Regulatory Patchwork Vexes Europe Investors

Terry Flanagan

Fund managers either domiciled or doing business in Europe fall under different regulatory regimes, each of which can hold implications for large swathes of their businesses.

“One can distinguish between traditional mutual funds, which in Europe are called UCITs funds, and the non-traditional funds which we call the alternative investment funds,” said Hermann Beythan, partner at international law firm Linklaters, and active member of the ALFI MiFID sub-working group.

Regarding mutual funds, three regulations in particular are most prominent on market participants’ radar: PRIPs, UCITS V, and MiFID II.

PRIPs (Packaged Retail Investment Products) is aimed at providing an equal playing field for all products that have commercially the same purpose, namely investment funds, certain life-insurance policies, certain certificates, and certain types of bank-account construction.

“The idea is to provide the same form of disclosure for all these products, in the form of a key-investor information document such as already exists for UCITs,” said Beythan. “This will certainly be good and favorable because it permits the consumer to compare different products which commercially and economically the same.”

UCITS V is more problematic because of an idea floated by the European Securities and Markets Authority that there should be absolute independence between the fund management companies and the depositary.

“Such independence should not only be a functional independence, but go as far to prohibit them from being part of the same economic group of companies,” said Beythan. “This, in the view of the industry is not really productive and does not make such a lot of sense.”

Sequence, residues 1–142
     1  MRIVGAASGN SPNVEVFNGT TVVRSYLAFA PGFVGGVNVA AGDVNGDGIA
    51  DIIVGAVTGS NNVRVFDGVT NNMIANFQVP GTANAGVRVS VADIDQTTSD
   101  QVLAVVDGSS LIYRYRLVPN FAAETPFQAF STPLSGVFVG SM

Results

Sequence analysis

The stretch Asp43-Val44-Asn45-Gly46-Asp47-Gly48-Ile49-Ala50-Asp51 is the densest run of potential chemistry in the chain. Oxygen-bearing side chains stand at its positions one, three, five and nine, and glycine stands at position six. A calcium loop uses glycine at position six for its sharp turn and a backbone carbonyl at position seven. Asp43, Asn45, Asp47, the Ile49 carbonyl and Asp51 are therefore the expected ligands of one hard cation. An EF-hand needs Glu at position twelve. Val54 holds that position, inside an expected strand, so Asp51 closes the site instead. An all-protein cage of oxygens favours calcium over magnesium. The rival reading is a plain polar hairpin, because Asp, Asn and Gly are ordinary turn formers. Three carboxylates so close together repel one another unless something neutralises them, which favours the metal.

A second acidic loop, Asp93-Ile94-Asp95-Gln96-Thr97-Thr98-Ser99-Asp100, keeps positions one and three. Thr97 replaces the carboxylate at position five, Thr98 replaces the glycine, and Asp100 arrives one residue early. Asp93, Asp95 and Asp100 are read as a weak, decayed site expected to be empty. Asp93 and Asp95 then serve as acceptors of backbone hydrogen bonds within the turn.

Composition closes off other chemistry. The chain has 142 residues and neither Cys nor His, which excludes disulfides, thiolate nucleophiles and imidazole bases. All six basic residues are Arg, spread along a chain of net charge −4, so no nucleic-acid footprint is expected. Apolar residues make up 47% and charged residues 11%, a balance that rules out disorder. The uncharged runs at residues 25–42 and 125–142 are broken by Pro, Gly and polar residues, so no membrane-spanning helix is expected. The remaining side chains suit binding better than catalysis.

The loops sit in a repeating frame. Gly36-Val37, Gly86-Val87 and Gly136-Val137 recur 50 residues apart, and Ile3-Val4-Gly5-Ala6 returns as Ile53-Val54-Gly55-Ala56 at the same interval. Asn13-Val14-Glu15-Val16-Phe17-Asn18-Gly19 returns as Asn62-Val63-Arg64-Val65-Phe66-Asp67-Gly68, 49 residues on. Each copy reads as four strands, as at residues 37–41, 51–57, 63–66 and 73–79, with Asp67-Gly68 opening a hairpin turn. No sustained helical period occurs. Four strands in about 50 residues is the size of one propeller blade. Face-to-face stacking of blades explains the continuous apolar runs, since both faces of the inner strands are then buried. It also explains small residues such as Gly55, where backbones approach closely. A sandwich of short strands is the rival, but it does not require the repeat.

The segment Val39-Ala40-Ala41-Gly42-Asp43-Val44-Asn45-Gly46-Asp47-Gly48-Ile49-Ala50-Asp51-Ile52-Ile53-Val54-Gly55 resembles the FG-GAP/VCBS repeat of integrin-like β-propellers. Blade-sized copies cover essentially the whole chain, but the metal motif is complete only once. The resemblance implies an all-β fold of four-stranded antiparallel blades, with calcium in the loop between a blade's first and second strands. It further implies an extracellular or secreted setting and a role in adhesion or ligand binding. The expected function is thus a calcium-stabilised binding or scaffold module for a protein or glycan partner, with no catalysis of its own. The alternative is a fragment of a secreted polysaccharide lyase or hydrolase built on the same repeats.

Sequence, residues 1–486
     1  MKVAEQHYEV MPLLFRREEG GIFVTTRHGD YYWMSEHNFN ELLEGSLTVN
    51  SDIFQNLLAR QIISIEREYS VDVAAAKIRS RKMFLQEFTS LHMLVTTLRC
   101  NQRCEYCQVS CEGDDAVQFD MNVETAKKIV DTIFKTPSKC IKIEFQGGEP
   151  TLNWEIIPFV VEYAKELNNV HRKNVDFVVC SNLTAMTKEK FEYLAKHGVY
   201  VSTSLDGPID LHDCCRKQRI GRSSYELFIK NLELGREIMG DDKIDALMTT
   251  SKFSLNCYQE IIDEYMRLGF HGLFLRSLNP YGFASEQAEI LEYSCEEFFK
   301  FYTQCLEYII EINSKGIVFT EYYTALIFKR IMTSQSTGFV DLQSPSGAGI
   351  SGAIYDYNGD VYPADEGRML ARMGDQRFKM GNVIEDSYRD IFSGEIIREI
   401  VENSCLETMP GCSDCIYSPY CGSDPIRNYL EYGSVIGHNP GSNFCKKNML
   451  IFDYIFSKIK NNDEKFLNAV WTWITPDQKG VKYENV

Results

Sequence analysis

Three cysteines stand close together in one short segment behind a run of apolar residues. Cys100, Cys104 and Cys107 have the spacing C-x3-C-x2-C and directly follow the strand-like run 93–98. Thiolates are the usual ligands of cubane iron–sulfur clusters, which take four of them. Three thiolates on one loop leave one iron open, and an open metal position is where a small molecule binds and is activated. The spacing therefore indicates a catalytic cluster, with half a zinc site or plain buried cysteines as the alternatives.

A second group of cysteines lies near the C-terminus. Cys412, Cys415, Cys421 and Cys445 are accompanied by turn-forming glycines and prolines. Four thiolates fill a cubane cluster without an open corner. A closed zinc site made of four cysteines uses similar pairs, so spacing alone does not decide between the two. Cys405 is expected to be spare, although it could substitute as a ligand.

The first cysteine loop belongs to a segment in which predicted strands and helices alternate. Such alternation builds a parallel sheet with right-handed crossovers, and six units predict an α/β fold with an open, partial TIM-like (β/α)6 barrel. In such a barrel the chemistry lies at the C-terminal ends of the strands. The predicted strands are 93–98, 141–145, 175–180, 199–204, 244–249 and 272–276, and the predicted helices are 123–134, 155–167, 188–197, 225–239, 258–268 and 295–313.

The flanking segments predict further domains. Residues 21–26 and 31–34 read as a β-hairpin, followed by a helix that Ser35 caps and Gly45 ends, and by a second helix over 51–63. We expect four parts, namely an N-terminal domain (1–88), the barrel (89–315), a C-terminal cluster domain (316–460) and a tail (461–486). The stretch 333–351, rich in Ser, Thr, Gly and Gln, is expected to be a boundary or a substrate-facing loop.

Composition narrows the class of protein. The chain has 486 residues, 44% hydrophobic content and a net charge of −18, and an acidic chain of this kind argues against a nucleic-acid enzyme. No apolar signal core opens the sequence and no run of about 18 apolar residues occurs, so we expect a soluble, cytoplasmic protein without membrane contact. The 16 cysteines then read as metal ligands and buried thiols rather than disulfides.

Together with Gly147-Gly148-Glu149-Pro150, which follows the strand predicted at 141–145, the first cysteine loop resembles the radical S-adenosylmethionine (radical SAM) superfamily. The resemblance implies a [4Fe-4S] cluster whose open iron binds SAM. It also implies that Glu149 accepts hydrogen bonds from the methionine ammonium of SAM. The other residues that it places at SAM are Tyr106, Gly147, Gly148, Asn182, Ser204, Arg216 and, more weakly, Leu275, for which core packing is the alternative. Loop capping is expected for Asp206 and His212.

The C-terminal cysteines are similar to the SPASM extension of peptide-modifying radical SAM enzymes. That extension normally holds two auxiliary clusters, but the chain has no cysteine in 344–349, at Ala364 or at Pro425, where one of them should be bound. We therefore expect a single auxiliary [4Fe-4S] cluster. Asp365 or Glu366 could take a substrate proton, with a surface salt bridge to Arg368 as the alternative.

It’s commonplace for management companies to be part of the same group of companies as the depositary. Conflicts of interests are avoided by way of legal provisions that stipulate that the management company and the depositary must act independently from each other and only in the best interest of the investors, explained Beythan. Moreover, there must be functional independence, and it is believed that this would be good enough to protect the interests of the investors.

The third regulation affecting UCITS is MiFID II, which prohibits inducements for independent advisors. This will have an influence on distribution models, Beythan said, because most distribution models in Europe today are commission-based, meaning the distributor receives the commission from the fund producer.

“Investors are typically not willing to pay separately for investment advice, so this will be a change under MiFID II,” Beythan said. “There are indications that this may be extended to non-independent advisers, which may be less easy to justify. In any case, it will have a profound impact on how investment funds are distributed.”

Regarding the alternative fund side, Alternative Investment Fund Managers Directive (AIFMD) is the governing regulation. Most intriguing is the situation where non-EU funds are targeting EU investors, in which case funds have to choose whether to go the private placement route, “which is quite complicated because you have to make notifications to the various regulators, and then maybe gold plating additional national requirements,” said Beythan.

A second possibility is to have the fund outside the EU, but to have the AIFM in the EU. “You still have the private placement regime, but at least in terms of reporting you only have one authority which alleviates the reporting,” said Beythan.

The third, and last, possibility is to set up a parallel fund within the EU, “where you would then get the passport in the various EU jurisdictions, which seems to me the most straightforward way.”

“UCITS V only deals with UCITS,” said Beythan. “UCITS are excluded from the scope of application of AIFMD. Whatever is UCITS does not fall under AIFMD.” While there is no overlap between UCITS V and AIFMD, there is some “cut and pasting,” especially regarding depositaries.

Both AIFMD and UCITS V require a depositary to perform cash-flow monitoring, safekeeping of assets and oversight of operations.

Featured image via leungchopa/Dollar Photo Club

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